At the turn of the century, a mechanical loom improved the production of fabrics increasing productivity by 40 times. Similar effects were recorded in other fields. This was facilitated by the growing mass production of steel.
The coke process, invented by Abraham Darby in 1709 and exploited from 1735, allowed the use of coal in the production of good iron, starting the replacement of wood with coal as a fuel in iron metallurgy and with steel as a structural material. Born into an English Quaker family that played an important role in the Industrial Revolution, Darby developed a method of producing pig iron in a blast furnace fueled by coke rather than charcoal.
It was the so-called puddling, i.e. the process of fresh pig iron in the furnace. This was a major step forward in the production of iron as a raw material for the Industrial Revolution.
In 1856, Henry Bessemer developed a method of steel production directly from the hot iron, eliminating the so-called puddling process.
The period from the mid-18th century and the first half of the 19th century is certainly one of the most important periods for mankind.
First Industrial Revolution
Although the term was popularized in the late nineteenth century by historian Arnold Toynbee, Louis-Guillaume Otto coined the actual phrase Industrial Revolution in 1799. As a diplomat, Otto mentioned the phrase in a letter, intending to share that the French revolutionary government had joined the competition among nations to industrialize and innovate.
In Europe, which until now had been developing harmoniously and comparable to other regions of the world, a new era had come. From now on, Europe has won every battle in terms of economy. By the end of the nineteenth century, many different models of steam engines and steam-powered ships had been invented. Transport was developing, allowing transcontinental shipment of large cargoes. The world was hanging open, providing unprecedented opportunities for development of many regions. New industrial centers were created.
Lodz is a good example of a small town, which over the course of several dozen years had become one of the largest cities in Europe, where many modern factories operated. Such a dynamic growth of the city in a short period of time does not happen often. Lodz has grown 60 times in number.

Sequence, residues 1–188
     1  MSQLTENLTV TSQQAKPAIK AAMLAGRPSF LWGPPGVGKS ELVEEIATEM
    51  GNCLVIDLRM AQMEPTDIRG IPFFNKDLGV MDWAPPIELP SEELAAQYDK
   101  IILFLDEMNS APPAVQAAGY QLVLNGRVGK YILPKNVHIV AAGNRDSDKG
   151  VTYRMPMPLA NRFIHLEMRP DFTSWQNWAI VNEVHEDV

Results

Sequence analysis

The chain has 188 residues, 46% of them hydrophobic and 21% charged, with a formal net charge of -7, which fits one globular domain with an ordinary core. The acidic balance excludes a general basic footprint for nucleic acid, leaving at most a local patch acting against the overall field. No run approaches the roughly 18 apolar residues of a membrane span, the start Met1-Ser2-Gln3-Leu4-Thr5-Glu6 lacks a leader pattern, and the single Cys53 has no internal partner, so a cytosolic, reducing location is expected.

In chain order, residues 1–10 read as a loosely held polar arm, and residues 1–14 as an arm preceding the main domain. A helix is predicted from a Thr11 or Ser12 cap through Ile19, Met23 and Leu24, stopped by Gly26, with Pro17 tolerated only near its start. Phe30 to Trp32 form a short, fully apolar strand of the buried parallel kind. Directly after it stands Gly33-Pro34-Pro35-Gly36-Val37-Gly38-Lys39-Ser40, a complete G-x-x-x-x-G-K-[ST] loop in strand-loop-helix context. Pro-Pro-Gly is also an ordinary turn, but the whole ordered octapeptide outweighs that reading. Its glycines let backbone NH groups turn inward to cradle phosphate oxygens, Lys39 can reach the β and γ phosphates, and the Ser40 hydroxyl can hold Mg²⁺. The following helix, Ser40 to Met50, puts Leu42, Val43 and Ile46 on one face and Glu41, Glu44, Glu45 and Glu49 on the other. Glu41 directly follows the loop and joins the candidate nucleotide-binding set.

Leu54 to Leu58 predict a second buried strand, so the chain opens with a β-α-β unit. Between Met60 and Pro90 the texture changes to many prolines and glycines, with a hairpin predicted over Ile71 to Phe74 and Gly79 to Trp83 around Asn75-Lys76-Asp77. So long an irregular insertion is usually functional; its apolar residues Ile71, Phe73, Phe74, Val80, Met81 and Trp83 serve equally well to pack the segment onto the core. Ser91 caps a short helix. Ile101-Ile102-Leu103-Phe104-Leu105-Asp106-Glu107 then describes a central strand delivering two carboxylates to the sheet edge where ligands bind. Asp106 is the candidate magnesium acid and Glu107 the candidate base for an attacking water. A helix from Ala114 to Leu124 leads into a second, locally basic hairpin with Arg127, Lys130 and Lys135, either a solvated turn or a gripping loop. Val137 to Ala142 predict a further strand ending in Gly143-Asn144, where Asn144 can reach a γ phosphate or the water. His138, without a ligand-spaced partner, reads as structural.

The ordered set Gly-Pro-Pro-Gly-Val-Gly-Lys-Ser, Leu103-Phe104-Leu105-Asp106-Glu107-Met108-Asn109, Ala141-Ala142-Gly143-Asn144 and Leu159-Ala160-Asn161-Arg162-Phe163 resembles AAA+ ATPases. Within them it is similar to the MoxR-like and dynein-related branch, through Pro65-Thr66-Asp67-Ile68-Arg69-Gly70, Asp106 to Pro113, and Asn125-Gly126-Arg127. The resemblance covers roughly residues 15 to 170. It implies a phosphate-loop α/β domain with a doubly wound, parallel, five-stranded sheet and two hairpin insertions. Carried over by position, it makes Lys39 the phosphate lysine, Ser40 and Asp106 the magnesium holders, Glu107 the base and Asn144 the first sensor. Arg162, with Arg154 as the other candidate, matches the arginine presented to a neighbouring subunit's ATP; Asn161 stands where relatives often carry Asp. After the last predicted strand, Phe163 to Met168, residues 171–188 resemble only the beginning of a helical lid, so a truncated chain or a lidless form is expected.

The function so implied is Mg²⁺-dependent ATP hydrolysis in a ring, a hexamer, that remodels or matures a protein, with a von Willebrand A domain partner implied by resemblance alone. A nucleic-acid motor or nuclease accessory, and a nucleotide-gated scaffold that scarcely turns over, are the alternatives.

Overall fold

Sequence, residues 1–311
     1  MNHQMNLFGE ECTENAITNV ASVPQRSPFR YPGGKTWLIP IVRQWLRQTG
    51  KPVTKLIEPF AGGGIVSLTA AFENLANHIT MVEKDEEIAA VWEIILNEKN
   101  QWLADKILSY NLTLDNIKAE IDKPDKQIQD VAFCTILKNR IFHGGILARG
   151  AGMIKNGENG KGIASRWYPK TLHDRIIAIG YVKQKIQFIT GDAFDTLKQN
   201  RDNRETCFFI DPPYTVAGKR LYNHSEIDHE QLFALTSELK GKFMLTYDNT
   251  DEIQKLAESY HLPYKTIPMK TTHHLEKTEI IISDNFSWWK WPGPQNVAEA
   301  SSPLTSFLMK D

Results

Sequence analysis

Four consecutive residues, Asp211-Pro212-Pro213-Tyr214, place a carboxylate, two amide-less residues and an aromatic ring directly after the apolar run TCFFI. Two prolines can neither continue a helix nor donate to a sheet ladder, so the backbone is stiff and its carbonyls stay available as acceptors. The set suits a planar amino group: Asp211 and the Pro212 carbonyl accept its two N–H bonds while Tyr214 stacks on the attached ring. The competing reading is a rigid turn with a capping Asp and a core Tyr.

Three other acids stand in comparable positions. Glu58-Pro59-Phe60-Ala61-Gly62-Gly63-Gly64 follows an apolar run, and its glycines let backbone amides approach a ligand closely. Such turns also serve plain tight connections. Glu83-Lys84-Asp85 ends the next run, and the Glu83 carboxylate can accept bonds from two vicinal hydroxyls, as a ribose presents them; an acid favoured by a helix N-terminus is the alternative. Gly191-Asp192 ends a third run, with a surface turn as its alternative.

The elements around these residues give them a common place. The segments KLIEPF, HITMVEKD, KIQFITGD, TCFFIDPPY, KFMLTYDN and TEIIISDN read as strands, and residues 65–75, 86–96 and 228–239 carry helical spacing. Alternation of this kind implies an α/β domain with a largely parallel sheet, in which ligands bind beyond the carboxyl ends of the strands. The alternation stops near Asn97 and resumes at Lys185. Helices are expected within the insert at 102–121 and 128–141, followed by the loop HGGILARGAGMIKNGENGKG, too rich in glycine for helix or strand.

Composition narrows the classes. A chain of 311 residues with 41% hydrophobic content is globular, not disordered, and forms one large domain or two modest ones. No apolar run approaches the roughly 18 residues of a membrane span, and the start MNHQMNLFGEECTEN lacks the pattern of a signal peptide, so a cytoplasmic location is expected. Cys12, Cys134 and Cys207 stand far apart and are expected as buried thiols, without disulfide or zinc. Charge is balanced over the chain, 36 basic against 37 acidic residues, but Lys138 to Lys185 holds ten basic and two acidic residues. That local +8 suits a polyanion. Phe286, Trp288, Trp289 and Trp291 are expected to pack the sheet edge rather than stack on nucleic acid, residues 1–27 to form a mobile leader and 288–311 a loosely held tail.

It is considered that the period called the First Industrial Revolution ended in the mid-19th century. Then the gate of the second one opened. This was the time of scientific solutions that supported industry in the following decades. It is worth recalling that a Pole was involved in this process. One of the leading precursors of the era, inventor of the oil lamp and the one to improve distillation of crude oil, this is Ignacy Łukasiewicz.
What has changed from a geopolitical point of view?
This period especially contributed to building the world dominance of England, France and America. Then other European countries joined, but undoubtedly today’s world economies had their roots in that period.
Who was the biggest loser and who won the revolution? Surely the greatest failure was China, which for centuries had been the world’s largest economy and led the way in inventions and key changes. Meanwhile, missing the steam engine milestone let small and unimportant Europe become a global economic power, pushing China into the background.
When in the second half of the 19th century the industrial revolution reached the USA and other Western European countries, the axis of influence of these two regions of the world became clear. Europe and the United States began their leadership. Of course, it was a consistent development process as a result of the changes described above. Some researchers claim that there were two strands: simultaneous invention of the steam engine and mechanization of English cotton production. The two developments were initially not linked. If one or the other had not progressed, one might wonder whether there would have been an industrial revolution.
Another consequence of the changes was a collapse of the Indian cotton industry. Two major countries, India and China, were dethroned for a long time. What would the world look like today if the forces spread out differently? It is certain, however, that the dynamics of the change is increasing. The less surprised we are, the more knocks back.